Examples of areas of the home that are likely to support the proper environment for complete flea development are the pet’s bedding, furniture cushions, and thick carpeting—protected areas and where the pet spends most of its time. Wood or tile floors are not likely to be suitable for flea development.
Likewise, open areas of the lawn exposed to continuous sunlight won’t support flea development, but shady, moist areas will. Outdoor examples of “hot spots” for fleas are dog houses, flower beds, gardens, and under decks or porches. Any location out of direct sunlight where the pet spends time can become flea infested and a source point for reinfection. For every six fleas you see, there are 300 in the environment or on the pet.
To control flea infestation fleas must be removed from the pet, the home and the yard. The most important principle in a total flea control program is that the pet’s environment (indoors and outdoors) as well as the pet and all other pets (dogs, cats, and ferrets) should be treated simultaneously. An integrated flea control program includes good sanitation and treatment of the pet and the environment along with follow up treatments.
Owners are often frustrated with their efforts to treat a flea infestation. The pupal or cocoon stage of the life cycle is resistant to any and all insecticides leading to failure to regulate the population of the fleas. The pupal stage can lay dormant for 140 to 170 days. Thus, in some areas of the country, fleas can actually survive through the winter. The common failure scenario is that the owner treats for fleas, then in one to two weeks the flea infestation returns because the “new” adults are emerging from the insecticide-resistant cocoon.
Another cause of failure is missing or insufficiently treating source points. Indoor and Outdoor source points are areas that are highly infested with fleas and heavily used by pets. In most circumstances, 95 percent of the flea infestation is in five percent of the house or yard. Most of the flea infestation is in these source points. Therefore, these points must be adequately treated and usually retreated one to two weeks after the initial application of insecticide.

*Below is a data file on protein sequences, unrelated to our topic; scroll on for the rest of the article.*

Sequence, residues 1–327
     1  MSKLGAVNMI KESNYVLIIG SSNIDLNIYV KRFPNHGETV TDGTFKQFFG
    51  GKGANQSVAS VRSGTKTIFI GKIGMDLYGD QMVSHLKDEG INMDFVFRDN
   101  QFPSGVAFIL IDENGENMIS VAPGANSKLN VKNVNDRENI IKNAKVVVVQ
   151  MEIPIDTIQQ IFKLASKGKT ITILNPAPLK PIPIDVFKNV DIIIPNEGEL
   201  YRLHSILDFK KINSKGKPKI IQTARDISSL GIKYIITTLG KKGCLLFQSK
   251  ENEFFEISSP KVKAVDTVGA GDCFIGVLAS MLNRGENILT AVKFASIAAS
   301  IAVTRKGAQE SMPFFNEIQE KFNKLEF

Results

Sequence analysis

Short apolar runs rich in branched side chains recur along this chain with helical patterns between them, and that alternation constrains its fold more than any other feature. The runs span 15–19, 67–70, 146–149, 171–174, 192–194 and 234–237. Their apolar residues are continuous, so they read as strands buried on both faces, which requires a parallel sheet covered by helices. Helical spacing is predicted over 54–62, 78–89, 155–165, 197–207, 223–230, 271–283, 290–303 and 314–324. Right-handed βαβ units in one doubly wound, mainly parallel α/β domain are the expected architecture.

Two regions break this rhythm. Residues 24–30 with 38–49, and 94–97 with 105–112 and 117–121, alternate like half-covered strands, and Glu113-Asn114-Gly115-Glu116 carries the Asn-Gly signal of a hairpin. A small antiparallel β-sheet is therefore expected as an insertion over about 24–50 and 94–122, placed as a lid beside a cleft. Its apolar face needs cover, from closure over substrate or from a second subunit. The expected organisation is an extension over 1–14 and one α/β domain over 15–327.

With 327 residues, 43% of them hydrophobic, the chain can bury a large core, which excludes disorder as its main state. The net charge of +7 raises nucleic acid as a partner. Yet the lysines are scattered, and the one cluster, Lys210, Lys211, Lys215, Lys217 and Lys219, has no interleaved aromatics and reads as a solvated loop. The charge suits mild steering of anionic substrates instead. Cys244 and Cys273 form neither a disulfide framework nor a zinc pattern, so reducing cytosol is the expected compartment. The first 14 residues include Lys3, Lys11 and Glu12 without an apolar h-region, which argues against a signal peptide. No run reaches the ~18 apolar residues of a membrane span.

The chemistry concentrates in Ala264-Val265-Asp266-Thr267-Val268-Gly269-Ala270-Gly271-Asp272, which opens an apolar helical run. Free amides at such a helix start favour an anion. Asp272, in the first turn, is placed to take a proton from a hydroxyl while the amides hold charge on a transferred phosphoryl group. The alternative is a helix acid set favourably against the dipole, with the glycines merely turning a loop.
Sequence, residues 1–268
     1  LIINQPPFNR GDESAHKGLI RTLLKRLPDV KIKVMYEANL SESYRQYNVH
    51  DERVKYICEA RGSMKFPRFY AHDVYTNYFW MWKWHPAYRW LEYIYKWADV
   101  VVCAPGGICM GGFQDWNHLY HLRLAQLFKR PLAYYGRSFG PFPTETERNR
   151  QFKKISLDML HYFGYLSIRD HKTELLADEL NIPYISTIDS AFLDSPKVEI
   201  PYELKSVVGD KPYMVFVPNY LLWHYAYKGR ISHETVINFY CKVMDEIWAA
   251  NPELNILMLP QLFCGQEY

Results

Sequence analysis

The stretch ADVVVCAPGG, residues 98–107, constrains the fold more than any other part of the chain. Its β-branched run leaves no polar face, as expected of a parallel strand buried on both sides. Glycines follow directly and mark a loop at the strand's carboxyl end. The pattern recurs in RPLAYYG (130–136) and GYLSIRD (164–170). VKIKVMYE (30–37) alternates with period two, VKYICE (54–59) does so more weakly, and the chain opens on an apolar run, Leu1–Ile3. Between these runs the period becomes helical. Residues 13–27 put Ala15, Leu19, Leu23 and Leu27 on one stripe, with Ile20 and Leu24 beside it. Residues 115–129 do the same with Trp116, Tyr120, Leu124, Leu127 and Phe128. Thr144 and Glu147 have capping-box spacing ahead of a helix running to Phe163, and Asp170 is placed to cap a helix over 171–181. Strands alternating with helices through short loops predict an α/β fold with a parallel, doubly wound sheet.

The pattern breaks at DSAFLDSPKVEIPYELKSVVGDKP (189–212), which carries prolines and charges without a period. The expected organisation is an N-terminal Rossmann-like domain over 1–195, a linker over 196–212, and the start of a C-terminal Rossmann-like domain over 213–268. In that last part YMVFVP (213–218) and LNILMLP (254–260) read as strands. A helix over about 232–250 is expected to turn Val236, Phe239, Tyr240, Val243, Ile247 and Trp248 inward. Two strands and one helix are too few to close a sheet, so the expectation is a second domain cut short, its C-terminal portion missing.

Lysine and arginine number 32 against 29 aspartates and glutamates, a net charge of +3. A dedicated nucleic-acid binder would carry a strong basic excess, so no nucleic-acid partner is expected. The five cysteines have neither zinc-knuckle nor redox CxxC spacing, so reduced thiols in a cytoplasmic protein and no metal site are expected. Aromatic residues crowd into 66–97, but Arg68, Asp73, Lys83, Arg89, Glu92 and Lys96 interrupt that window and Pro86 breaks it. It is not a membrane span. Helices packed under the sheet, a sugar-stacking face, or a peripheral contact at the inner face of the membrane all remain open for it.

Along with using insecticides on your pet, the environment must be thoroughly cleaned to remove as many of the adult fleas, eggs, larvae, and pupae as possible. Vacuuming with a beater-bar brush is extremely effective in removing adult fleas and other immature forms. Vacuuming raises the carpet fibers which makes the immature forms of fleas accessible to insecticides, in addition to aerating and drying out the carpet. Even if the vacuum fails to remove the cocoon because of its sticky nature, it will stimulate pre-emerged adults to emerge from the pupae, allowing them to be sucked up by the vacuum or exposing them to the insecticides. Be sure to thoroughly vacuum the “source points” where the pet spends most of its time. If that is a chair or bed, be sure to vacuum and treat under the furniture, because the eggs and larvae will actually fall off and the larvae will crawl under the furniture away from the light. Be sure to dispose of the vacuum bag immediately. Don’t use a flea collar in the vacuum bag because it is not approved for use in such a manner and may pose a threat to your health. You may also want to steam clean your carpet at this time which will further help in the mechanical removal of fleas. Be sure your pet’s bedding and blankets or rugs routinely occupied by your pet are washed in hot water. This is something that should be repeated on a weekly basis.